The first pufferfish of 2021 sold for significantly less than last year as restaurants that serve the poisonous fish continue to struggle with a lack of local diners and tourists.

By Jelisa Castrodale
January 06, 2021
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Last year should've been a celebratory one for Zuboraya, an iconic pufferfish restaurant in Osaka, Japan. The restaurant opened just over 100 years ago, and has long been known as the first restaurant of its kind in the city—its famous pufferfish lantern has even become an unofficial symbol of Osaka's Shinsekai district.

Credit: Getty Images / iStockphoto

Unfortunately, as a result of the ongoing coronavirus pandemic, the restaurant was forced to close in September. "Thank you for your love over these many years," a sign on the door read. "Please take care of yourselves, everyone. Goodbye, and see you again!" Its oversized pufferfish was removed in the middle of the night, which really felt like the end of an era. 

And in addition to all of that, the pandemic has affected Japan's first pufferfish—or fugu—auction of this year too. According to NHK-World Japan, the auction was held in Shimonoseki, which is the country's largest market for the potentially poisonous seafood. More than six tons of the fish were sold on Monday, and the highest bid was ¥15,000 ($145) for a kilogram, which was a decrease of about 25 percent compared to the same time last year. 

The lower prices are believed to be a result of decreased interest from restaurants and undoubtedly from a significant drop in tourism numbers. Japan has never instituted a national lockdown, but Prime Minister Yoshihide Suga is expected to declare a state of emergency this week for Tokyo and the neighboring Chiba, Kanagawa, and Saitama prefectures. Japan does not currently allow travel for tourism or "most other short-term purposes."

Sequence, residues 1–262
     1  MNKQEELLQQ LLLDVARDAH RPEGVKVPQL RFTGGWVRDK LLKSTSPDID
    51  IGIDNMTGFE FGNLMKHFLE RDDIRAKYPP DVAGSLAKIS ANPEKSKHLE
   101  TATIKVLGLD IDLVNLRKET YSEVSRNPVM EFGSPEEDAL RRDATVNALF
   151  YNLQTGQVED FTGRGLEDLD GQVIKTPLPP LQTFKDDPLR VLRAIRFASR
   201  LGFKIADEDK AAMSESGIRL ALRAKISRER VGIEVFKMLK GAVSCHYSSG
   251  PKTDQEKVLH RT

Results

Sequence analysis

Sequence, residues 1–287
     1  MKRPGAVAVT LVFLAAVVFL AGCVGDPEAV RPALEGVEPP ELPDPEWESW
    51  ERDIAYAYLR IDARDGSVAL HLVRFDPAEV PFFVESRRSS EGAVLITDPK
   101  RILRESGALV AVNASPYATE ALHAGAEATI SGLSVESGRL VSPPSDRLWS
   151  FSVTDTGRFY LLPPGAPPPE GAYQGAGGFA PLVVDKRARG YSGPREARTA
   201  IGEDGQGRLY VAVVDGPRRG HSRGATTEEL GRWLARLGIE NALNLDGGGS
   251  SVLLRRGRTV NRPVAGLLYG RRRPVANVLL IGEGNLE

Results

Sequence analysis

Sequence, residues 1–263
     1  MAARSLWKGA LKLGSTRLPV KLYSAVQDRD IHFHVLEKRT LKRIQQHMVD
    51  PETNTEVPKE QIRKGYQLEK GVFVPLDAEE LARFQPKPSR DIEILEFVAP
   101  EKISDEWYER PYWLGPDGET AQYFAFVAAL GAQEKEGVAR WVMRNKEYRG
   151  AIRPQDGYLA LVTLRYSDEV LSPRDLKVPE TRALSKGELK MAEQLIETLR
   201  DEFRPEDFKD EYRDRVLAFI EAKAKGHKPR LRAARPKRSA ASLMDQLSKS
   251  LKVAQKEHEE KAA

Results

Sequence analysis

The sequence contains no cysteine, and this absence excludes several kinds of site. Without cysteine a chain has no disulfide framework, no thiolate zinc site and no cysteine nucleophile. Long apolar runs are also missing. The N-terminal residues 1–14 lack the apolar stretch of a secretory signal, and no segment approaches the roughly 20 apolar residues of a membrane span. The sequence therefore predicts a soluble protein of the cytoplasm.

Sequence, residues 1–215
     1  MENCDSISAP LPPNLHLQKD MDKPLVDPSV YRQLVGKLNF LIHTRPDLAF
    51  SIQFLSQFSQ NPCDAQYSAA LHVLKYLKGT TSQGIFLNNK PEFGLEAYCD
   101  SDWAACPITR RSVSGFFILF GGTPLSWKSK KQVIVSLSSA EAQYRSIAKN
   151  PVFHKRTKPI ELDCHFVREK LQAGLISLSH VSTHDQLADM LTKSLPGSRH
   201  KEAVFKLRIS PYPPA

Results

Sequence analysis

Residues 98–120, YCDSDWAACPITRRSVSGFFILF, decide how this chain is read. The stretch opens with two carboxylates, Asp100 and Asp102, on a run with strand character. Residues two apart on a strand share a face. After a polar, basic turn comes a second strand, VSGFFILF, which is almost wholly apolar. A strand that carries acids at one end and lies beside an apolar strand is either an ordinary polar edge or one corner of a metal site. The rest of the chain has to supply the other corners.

Despite the below-average prices, the auction still followed its traditional format, which requires the auctioneer to put his hand in a black bag and to give potential bidders information about each auction through a series of hand signals. According to SoraNews24, the would-be buyers communicate their bids by "grasping the auctioneer's fingers in a certain way." The auction itself is conducted silently, and the winning bidder is announced by a wordless finger point. 

The outlet reports that there are a few theories that have attempted to explain why fugu auctions are conducted that way, which range from the fact that they're being held during the winter so it's warmer to keep your hands inside a bag, to the idea that bidders might be tempted to drive up the prices to ridiculous levels in an open (read: vocal) auction. 

One fugu wholesaler has suggested that future auctions will see even less-impressive sales prices if the Prime Minister does issue a state of emergency. That's bad news for the restaurant industry, but potentially good news for anybody who's grabbing an auctioneer's hand through a black bag, I guess.